Stages and Tales is a solo exhibition by Berlinde De Bruyckere, in which she presents two new bodies of sculptural works, selected in direct relation to the spaces they are exhibited in. The pieces presented in ‘Stages & Tales’ are a new artistic direction for De Bruyckere, moving away from the figurative work she is best known for, these new bodies of work are the artist’s most abstract pieces to date. Hanging from the walls of the Rhoades Gallery are seven new works composed of heavily weathered, semi-decomposed blankets built up in layers, that comprise the series Courtyard Tales (2017 – 2018). Since the early 1990s, many of De Bruyckere’s major works have featured structures involving blankets, suggesting warmth and protection, but also the vulnerable experiences that lead one to seek such shelter. In these tactile works the blankets hang, ragged and often in tatters, evoking shrouds. Peculiar bulges hint at something concealed within or behind the blankets, allowing the works to sit proud from the walls. The composition of layered colours in a warm and muted palette with the occasional splash of an untouched brighter tone, evokes images of a painterly nature.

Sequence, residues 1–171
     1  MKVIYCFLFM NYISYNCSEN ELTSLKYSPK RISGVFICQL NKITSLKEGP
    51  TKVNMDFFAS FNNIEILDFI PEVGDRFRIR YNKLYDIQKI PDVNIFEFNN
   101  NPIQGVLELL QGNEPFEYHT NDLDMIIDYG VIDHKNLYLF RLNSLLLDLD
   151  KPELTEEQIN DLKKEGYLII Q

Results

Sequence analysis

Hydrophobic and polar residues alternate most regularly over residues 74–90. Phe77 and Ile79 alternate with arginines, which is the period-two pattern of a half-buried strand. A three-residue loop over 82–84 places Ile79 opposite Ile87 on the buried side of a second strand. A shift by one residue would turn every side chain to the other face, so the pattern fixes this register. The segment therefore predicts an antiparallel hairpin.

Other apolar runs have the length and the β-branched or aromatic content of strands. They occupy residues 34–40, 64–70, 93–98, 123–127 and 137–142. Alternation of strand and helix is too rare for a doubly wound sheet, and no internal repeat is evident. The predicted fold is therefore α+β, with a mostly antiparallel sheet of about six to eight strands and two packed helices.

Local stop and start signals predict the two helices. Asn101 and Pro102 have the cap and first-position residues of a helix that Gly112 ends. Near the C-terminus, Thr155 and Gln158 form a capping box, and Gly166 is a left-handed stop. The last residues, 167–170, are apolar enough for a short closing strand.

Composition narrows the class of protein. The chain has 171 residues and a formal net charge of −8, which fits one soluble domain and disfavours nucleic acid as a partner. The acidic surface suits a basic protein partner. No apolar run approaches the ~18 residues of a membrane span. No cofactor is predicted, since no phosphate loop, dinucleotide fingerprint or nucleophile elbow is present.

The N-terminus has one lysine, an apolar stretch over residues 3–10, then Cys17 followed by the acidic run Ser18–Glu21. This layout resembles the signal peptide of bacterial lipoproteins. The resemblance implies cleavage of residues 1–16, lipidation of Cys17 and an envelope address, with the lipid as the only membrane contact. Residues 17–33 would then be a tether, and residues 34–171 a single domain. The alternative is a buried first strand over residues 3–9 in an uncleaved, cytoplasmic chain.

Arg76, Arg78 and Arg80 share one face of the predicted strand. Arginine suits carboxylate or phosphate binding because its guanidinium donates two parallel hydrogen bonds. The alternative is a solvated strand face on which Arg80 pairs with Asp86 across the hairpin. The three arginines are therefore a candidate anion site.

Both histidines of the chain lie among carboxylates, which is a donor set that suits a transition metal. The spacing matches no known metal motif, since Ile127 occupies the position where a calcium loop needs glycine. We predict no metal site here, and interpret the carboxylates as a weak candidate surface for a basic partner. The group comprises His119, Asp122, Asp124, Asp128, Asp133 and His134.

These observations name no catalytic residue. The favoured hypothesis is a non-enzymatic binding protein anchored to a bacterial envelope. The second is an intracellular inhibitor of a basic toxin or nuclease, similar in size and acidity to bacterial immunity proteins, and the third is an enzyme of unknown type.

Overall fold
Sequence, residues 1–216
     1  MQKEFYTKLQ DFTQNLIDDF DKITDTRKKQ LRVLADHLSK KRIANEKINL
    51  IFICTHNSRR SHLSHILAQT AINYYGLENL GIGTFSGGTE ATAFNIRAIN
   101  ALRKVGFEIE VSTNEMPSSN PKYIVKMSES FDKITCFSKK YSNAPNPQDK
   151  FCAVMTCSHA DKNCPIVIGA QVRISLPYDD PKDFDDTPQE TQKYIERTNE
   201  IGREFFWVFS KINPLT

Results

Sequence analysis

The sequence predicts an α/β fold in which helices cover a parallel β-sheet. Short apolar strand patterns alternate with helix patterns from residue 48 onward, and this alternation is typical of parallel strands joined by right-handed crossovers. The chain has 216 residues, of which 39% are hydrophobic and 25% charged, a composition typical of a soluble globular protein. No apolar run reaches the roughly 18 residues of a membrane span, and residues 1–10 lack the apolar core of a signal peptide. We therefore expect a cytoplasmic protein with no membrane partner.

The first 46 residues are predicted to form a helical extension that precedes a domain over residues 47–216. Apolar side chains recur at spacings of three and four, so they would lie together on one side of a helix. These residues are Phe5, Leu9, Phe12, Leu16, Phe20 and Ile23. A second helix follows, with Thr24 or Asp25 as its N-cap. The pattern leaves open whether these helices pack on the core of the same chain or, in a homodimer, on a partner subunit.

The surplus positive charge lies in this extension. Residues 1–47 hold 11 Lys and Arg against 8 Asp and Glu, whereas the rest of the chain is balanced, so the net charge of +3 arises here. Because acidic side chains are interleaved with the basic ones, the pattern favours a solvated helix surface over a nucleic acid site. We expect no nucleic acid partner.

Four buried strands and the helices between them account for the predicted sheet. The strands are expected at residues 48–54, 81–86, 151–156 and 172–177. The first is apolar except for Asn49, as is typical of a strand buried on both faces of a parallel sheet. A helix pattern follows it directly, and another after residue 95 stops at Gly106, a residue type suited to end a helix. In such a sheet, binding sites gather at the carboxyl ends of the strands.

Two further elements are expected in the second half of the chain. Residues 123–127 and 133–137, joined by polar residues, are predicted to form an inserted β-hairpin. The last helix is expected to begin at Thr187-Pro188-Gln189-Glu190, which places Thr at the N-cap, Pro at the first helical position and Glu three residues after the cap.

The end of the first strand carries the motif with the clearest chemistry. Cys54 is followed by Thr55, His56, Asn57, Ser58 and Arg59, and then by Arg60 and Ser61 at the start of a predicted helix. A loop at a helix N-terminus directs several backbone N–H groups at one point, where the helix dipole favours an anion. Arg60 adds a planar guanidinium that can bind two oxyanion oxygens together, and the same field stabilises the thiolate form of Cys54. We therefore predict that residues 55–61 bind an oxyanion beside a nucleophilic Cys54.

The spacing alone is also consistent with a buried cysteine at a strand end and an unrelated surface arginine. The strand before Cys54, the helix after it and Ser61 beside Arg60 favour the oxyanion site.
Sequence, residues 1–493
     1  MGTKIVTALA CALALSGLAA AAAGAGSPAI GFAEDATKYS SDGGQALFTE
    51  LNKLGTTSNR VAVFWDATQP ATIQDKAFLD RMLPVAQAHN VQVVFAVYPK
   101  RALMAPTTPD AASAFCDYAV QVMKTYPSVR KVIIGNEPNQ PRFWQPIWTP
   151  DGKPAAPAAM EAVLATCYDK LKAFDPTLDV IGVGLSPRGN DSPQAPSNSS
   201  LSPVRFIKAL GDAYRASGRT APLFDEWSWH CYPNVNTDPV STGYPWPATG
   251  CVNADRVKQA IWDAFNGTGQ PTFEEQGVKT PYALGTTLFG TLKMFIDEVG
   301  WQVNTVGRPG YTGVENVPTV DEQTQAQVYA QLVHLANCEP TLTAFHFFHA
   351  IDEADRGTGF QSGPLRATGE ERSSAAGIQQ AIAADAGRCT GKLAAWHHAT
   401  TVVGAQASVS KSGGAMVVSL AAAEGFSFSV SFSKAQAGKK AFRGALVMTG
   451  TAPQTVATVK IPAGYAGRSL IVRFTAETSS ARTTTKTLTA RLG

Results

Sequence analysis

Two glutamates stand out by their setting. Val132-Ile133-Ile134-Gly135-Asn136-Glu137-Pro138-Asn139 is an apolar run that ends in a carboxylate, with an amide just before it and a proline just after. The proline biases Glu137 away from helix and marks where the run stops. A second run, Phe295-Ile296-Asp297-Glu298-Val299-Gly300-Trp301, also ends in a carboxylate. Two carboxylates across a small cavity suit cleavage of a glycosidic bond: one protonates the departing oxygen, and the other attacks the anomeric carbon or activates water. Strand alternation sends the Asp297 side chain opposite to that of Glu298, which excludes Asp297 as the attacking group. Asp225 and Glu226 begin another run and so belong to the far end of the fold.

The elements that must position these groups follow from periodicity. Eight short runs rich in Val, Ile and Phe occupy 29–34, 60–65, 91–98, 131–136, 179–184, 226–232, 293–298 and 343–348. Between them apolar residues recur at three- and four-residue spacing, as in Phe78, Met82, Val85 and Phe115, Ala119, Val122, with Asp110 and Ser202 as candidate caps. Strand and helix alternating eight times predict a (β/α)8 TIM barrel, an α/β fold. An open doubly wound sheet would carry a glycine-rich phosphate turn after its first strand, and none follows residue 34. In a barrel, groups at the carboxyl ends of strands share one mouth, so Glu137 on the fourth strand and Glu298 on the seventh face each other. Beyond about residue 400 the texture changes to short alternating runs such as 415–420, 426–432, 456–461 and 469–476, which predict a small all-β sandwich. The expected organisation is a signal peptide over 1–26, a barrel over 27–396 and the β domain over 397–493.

• Annie Swynnerton @ Manchester Art Gallery
    23 February – 6 January
    The first retrospective for nearly a century of the Manchester born painter Annie Swynnerton, a pioneering professional artist who challenged convention in art and life.  Painting Light and Hope features 36 paintings from across Swynnerton’s career, including 13 from Manchester Art Gallery’s collection with further loans from public galleries including the Royal Academy Collection, Tate and the Walker Art Gallery, Liverpool. The exhibition also features a number of rarely seen paintings on loan from private collections. Portraits showing the artist’s Manchester connections open the exhibition including Susan Dacre, with whom she co-founded the Manchester Society of Women Painters, and the Reverend William Gaskell, husband of novelist Elizabeth Gaskell. The exhibition also brings together landscapes, allegorical works and later portraits revealing her as a continually inventive artist who engaged with current art movements and forged her own independent style shaped by her experience of light and colour in Italy.